One in a thousand
Leatherback turtles frequent much of the Caribbean coast of Costa Rica during the months of February and July to lay their eggs. One egg has a market value of $2 and one turtle can lay a clutch of up to 100 eggs. For poachers this is a significant income and poaching is rife on the Caribbean coast of Costa Rica. But without eggs hatching, the species will disappear. This is where Biosphere Expeditions and its partnership with LAST (Latin American Sea Turtles) comes in.
Our joint mission is to patrol the beach on a nightly basis and relocate as many clutches of eggs to a guarded hatchery as possible, thus preventing the poachers from taking all the eggs. For this a whole host of trained “foot soldiers” (Biosphere Expeditions team members) is need to monitor the beach, catch a turtle before she lays, wait as she digs her nest, then catch the falling eggs in a large plastic bag and whip them out from beneath her before she starts to fill in the nest and camouflage her tracks. Biometric data are also taken, and the nest re-dug by hand by the team member on duty in the hatchery. The nest, now safely in the hatchery, is guarded 24 hours a day for the next 60-70 days until the hatchlings emerge.
Magali Marion MSc is the lead scientist at Pacuare Research Centre. For the past three years she has worked tirelessly training volunteers, delivering lectures, leading night patrols, working with the local community and generally acting as the perfect role model for a successful conservation programme. “The key problem,” she says, “is that this is a public beach, so we have no control over who comes onto it.” The weekends are the worst with a noticeable increase of poachers lurking in the undergrowth. “Foot soldiers are really important,” says Magali, “as their number determines the amount of patrols we can run.”
“I’m amazed at myself and the energy this project unleashed in me!” says Janet Hoffberg a 76 year-old passionate animal advocate from Florida. The reward? To spot a turtle before the poachers and safely deposit the eggs in the hatchery. But, as Theresa Bowman, aged 43 from Germany, points out, “it’s not all black and white – we are used to the poachers being the ‘evil ones’, but there is more to it.”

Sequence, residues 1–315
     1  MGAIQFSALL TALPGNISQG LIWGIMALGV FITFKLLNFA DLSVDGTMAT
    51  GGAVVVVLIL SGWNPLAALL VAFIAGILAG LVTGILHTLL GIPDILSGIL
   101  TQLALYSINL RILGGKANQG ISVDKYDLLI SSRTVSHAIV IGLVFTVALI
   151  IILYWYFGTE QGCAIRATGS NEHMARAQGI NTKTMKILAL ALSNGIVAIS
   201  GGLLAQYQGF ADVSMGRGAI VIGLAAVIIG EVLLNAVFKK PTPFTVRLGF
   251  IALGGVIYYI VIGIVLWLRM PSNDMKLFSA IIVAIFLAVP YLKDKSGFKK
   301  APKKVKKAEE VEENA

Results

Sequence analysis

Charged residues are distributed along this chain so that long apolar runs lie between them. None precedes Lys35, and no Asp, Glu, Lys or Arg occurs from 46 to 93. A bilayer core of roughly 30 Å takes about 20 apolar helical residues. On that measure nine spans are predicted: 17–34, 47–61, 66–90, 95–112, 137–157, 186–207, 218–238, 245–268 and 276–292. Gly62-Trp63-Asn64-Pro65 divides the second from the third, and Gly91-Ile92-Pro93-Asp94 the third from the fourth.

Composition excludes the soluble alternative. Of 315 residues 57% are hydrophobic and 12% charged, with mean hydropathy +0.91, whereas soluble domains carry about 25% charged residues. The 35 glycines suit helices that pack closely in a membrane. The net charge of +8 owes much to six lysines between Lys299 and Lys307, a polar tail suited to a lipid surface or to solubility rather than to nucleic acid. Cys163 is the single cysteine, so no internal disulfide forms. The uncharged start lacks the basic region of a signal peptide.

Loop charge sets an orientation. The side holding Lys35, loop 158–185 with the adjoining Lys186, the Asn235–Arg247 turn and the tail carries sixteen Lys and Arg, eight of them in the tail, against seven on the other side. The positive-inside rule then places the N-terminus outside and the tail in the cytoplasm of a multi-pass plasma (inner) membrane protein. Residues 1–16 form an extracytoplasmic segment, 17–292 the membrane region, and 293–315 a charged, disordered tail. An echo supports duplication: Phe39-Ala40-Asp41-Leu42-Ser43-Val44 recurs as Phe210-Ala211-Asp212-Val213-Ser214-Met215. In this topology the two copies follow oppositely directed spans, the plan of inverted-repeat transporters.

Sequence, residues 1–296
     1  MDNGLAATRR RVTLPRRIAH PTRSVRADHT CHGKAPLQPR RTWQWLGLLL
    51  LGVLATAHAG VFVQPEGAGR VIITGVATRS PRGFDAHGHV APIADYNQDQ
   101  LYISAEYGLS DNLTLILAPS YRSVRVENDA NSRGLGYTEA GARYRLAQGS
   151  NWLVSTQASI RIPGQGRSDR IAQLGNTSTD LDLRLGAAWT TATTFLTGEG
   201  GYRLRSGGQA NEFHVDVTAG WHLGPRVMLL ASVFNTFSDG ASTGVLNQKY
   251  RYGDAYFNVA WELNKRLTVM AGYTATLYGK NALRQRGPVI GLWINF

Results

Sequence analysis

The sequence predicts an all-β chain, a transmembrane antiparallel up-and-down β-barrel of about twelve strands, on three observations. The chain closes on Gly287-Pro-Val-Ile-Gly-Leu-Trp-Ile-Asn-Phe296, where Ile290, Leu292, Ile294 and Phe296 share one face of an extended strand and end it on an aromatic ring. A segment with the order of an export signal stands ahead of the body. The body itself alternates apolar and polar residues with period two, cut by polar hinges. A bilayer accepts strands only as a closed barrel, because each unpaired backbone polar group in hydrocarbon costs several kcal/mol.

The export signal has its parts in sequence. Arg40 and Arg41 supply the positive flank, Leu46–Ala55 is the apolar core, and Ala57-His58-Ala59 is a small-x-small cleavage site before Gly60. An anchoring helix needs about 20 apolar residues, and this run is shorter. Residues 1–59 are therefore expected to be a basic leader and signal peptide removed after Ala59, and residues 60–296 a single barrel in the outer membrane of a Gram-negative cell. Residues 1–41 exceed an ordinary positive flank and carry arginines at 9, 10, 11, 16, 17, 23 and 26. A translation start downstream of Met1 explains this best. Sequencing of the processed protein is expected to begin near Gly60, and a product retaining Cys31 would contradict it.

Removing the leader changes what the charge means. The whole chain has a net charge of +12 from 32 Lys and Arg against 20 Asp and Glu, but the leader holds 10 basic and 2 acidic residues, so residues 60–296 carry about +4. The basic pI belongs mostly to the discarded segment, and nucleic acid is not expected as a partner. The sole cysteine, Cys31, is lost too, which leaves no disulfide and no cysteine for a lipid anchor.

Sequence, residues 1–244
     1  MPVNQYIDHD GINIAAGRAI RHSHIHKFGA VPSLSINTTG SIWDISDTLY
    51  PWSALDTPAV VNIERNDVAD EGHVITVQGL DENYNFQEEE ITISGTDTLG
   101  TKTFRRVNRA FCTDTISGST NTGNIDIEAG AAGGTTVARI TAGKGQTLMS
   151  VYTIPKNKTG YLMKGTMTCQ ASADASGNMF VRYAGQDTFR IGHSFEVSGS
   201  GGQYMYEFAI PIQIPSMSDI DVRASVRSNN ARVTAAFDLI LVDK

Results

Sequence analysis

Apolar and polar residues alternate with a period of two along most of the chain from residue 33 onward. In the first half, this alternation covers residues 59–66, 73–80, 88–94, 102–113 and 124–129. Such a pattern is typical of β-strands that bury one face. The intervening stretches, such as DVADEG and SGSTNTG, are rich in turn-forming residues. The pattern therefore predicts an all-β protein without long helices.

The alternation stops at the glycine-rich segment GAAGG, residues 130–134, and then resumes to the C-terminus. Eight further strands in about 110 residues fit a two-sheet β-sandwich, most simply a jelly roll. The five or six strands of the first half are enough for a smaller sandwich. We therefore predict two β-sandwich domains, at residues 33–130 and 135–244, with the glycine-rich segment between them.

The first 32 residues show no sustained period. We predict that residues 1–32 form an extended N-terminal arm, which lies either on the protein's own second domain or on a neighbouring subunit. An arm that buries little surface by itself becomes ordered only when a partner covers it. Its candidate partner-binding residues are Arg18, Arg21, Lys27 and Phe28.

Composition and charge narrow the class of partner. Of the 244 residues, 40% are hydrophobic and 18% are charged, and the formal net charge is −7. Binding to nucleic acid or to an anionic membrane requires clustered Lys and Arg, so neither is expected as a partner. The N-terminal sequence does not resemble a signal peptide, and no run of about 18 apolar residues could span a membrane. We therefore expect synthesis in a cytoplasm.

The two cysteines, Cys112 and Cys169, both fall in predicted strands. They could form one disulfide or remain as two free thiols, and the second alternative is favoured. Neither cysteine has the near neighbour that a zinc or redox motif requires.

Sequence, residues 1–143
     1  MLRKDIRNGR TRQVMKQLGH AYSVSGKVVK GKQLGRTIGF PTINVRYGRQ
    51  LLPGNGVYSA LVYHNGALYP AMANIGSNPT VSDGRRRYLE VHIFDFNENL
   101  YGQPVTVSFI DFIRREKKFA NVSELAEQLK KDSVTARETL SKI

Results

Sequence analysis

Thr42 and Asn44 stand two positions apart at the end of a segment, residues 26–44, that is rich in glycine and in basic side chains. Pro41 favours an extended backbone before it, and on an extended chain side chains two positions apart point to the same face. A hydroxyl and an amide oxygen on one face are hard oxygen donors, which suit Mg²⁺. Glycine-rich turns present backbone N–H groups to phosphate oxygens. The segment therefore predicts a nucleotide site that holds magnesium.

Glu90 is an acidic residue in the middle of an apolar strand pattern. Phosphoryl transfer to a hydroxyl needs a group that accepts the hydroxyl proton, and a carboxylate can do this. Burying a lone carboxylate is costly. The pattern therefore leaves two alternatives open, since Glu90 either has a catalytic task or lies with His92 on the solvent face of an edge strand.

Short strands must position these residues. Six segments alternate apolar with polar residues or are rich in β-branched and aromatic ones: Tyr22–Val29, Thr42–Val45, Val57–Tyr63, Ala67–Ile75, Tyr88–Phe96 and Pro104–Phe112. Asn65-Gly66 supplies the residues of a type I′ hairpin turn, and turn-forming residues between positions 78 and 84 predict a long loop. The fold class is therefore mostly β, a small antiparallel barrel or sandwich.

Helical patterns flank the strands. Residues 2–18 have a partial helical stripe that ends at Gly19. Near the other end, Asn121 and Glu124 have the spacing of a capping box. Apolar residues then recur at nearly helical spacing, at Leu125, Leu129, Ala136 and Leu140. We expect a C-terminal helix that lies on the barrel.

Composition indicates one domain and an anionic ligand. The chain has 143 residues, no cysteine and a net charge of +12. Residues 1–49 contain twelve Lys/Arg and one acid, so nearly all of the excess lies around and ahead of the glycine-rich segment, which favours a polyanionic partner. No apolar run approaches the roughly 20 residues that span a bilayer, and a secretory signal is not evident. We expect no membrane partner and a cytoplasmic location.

This is a complicated issue and Magali has put herself right in the middle of it, working with the local association (La Asociacion para el Ambiente de Nuevo Pacuare) to offer poachers the chance to become guides for the project. There are ground rules – no alcohol or drug consumption, no more poaching, a willingness to learn and work with volunteers from around the globe. Some pass the test, some fail, but the beauty of Magali’s strategy is that whichever camp you fall into, there must be no confrontation between poachers and patrols. “Our mission is long-term. We will not eradicate poaching from Pacuare in the next year, but we believe that by providing alternative livelihoods to the community and involving children, we will change their mindset so they understand that natural resources must be exploited in a sustainable way. It involves long hours of talking and exchanging with different people without judging them. When we get to understand what is the social reason that pushes people to poach, then we can get to the root of the problem, which in Pacuare is geographical isolation, low education and poor job opportunity.”
As rainy season sets in a second threat to the turtle population is revealed – erosion. With constant storms raging out at sea, the high tides flood the beach, reducing the availability of viable leatherback nesting sites. Cyclical erosion has always occurred on this coastline, but with the added pressure of climate change, this erosion is becoming more extreme. “Nesting grounds are degraded by erosion”, says Magali, and this year’s El Nino event has been very intense, which is now leading to an equally intense rainy season. We have reinforced the hatchery, so that it will not be eroded by the waves, but if the water table gets too high, the nests can be flooded from below.”
So what does the expedition mean in conservation terms? 15 clutches of eggs safely relocated to the hatchery; clutches, which if left in their natural condition would have either been poached or washed out to sea. This amounts to over 1000 potential hatchlings, and based on statistical probability, that is one adult who against all the odds will return in 15 years to lay her own clutch. This may not sound like much, but for a dwindling population of fewer than 4,000 leatherback turtles on the Caribbean coast, every single one counts.
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